Although it’s a little dry and boring (to anyone but us lawyers!), we thought some of you might find it helpful to get a brief overview of the securities law hurdles you face in raising funds for your business. We’ll try to keep it as painless as possible.
First, the general rule is that any offering of equity or debt in a business is a security and must be registered with the federal Securities and Exchange Commission (SEC) and the securities law agency of all states where securities are being offered. This process of registration is what is known as an Initial Public Offering (IPO) and is extremely expensive, so most growing businesses try to qualify for an exemption from registration (although, as we will see, even that can be difficult or expensive or greatly limit your ability to market the offering).
This is the first post in a series about basic securities law. This post summarizes some of the most commonly used exemptions under federal law, i.e. the SEC (state law exemptions will be covered in a future post).
To understand the exemptions from federal registration of a securities offering, it is first necessary to understand the concept of an “accredited investor.”
An accredited investor is defined by the SEC as follows:
- a charitable organization, corporation, or partnership with assets exceeding $5 million;
- a natural person with a net worth of at least $1 million; or
- a natural person with income exceeding $200,000 in each of the two most recent years or joint income with a spouse exceeding $300,000 for those years and a reasonable expectation of the same income level in the current year
(note there are some other ways to qualify as accredited, such as being a bank, but we have not listed those here – for the full definition of an accredited investor, click here).
The following are some of the most commonly used exemptions from the federal registration requirement:
1. The statutory private placement exemption (contained in Section 4(2) of the federal Securities Act) – may only be offered privately to a limited number of affluent/sophisticated investors, who must be provided with all material information about the company. This exemption is typically only used for company insiders/founders because these people are most likely to have access to information about the company.
2. Reg D (short for SEC “Regulation D”) – this is actually 3 separate exemptions:
- Rule 504 is for offerings that do not exceed $1,000,000. A Rule 504 offering can be made to an unlimited number of accredited and non-accredited investors.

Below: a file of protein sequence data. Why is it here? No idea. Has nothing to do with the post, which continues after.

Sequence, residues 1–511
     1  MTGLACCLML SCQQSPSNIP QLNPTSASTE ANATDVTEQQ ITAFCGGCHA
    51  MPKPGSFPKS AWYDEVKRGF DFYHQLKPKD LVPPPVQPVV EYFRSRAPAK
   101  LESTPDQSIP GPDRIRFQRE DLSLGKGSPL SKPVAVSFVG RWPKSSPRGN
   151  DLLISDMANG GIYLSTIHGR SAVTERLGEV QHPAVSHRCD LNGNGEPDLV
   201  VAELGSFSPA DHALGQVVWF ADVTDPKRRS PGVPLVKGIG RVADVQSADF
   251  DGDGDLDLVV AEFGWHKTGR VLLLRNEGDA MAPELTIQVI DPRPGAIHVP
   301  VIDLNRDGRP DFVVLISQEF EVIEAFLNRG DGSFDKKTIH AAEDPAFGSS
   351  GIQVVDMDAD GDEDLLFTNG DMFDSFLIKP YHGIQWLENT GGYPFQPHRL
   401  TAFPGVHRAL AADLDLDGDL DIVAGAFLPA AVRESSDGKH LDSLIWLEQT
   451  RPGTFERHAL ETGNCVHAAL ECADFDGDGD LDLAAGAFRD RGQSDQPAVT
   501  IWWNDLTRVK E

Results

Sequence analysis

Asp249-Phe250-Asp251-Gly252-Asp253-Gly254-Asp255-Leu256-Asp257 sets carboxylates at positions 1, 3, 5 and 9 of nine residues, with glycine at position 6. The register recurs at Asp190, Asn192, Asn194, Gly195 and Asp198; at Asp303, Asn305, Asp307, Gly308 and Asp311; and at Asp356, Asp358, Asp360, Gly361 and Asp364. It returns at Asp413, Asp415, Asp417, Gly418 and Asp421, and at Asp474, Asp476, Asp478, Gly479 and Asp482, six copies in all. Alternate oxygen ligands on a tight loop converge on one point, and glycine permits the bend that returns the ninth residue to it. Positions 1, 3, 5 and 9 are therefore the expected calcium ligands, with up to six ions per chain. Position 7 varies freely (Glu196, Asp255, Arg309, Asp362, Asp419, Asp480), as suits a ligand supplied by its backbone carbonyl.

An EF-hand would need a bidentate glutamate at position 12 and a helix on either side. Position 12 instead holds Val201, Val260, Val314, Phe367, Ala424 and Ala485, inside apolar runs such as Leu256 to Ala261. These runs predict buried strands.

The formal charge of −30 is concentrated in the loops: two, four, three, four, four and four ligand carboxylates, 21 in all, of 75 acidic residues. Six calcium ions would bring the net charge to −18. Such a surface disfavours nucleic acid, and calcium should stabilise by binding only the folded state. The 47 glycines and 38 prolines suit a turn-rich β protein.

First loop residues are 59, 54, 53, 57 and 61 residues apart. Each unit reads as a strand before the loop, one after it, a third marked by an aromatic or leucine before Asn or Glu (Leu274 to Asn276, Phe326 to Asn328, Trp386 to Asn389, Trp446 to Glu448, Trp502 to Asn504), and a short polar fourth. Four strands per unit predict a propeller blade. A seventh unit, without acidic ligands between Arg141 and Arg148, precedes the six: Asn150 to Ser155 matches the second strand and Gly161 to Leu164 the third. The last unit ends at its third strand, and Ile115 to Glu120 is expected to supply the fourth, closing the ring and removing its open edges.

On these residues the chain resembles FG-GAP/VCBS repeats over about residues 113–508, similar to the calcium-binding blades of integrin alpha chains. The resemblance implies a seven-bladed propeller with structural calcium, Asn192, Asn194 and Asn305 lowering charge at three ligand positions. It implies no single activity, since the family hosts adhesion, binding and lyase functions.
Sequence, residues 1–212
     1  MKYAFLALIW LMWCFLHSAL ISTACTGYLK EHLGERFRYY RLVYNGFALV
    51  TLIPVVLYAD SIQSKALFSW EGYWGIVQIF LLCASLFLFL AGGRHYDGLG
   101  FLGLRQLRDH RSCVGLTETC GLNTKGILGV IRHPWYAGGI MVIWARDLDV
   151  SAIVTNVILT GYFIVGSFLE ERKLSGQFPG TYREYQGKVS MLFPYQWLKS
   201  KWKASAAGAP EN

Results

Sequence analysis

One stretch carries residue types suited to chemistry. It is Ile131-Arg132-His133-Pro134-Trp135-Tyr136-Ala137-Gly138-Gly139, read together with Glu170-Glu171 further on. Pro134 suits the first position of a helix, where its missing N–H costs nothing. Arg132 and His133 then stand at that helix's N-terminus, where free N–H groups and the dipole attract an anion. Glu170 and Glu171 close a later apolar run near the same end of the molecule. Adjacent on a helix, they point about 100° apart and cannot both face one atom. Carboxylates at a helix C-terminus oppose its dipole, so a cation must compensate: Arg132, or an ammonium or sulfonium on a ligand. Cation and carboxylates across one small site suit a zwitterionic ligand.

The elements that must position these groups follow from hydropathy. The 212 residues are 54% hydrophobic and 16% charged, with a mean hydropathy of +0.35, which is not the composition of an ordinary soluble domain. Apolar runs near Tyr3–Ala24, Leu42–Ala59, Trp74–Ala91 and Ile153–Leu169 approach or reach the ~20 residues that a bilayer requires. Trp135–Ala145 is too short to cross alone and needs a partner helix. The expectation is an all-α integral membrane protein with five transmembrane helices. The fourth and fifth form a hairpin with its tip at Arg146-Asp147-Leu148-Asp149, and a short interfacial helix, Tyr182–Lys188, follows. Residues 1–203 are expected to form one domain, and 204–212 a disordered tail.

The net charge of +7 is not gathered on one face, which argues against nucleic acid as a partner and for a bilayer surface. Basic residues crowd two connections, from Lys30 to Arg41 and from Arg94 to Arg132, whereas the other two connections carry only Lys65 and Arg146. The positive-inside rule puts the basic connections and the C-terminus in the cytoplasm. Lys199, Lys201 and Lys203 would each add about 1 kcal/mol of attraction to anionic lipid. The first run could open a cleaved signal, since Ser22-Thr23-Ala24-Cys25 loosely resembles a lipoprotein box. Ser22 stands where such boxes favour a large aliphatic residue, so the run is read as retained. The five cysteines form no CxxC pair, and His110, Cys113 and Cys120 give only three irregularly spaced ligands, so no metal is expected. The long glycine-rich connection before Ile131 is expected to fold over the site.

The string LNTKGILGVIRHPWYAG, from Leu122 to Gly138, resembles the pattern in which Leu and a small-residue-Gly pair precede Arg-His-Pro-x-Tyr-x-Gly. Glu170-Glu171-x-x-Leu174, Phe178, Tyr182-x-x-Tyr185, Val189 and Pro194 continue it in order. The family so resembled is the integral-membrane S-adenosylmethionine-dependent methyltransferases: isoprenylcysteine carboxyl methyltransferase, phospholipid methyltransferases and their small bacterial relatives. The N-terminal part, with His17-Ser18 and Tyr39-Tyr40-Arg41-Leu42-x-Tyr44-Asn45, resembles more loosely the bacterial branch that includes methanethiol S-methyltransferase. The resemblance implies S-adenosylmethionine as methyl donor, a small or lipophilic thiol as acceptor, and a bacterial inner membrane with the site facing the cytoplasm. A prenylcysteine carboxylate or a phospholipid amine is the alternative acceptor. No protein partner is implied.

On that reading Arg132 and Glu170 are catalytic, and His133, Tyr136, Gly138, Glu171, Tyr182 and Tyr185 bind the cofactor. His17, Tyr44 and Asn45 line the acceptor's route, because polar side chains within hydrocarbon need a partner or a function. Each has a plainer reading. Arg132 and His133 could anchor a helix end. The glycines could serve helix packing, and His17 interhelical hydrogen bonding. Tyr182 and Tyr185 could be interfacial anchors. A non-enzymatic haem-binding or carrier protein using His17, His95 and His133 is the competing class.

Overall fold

- Rule 505 is for offerings that do not exceed $5,000,000. A Rule 505 offering may be made to an unlimited number of accredited investors and up to 35 non-accredited investors. If the investment is offered to even one non-accredited investor, a lengthy document called a prospectus or private placement memorandum must be prepared to provide relevant information about the business and the offering to prospective investors.
- There is no limit on the offering amount under Rule 506. A Rule 506 offering may be made to an unlimited number of accredited investors and up to 35 non-accredited investors. Unlike Rule 505, all non-accredited investors, either alone or with a purchaser representative, must be sophisticated – that is, they must have sufficient knowledge and experience in financial and business matters to make them capable of evaluating the merits and risks of the prospective investment.
The following rules apply to all Reg D offerings:
- The offering cannot be advertised to the general public – the offering can only be made to potential investors that have an existing relationship with the company (there is an exception to this rule – a 504 offering can be advertised to the public if state registration is completed).
- The securities offered under a Reg D offering cannot be re-sold without additional compliance requirements being met.
- A form must be filed with the SEC (Form D).
3. Reg A – this is similar to a full registration but was created by the SEC for small offerings – up to $5 million. It somewhat easier to complete than a full registration but still can cost upwards of $20,000 – $30,000 in legal and accounting fees.
4. Intrastate exemption – this exemption is based on the premise that an offering that stays within a single state does not require federal regulation (it will be regulated by the relevant state). The business must be incorporated and do a significant portion of its business in the same state where the offering takes place (for example, if you are incorporated in Delaware but located in California, you cannot use this exemption). You must also take stringent measures to make sure all investors reside in your home state and do not sell their stock to anyone living outside that state. Because the statute is somewhat vague about how to qualify for this exemption, the SEC created a “safe harbor” for compliance. A safe harbor is a set of conditions that, if you comply with them, you can be assured that you will meet the requirements of an exemption. However, it is not necessary to comply with the safe harbor conditions to comply with the exemption. The conditions required to meet the safe harbor are as follows:
- 80% of the company’s assets are located in the state in which the offering is made;
- 80% of the company’s revenue comes from the state in which the offering is made; and
- 80% of the proceeds from the offering will be used within the state in which the offering is made.
Note that even if you qualify for one of the above exemptions, you must still qualify for an exemption from registration with the securities law agency of every state in which you offer the securities. State exemptions will be covered in a future post.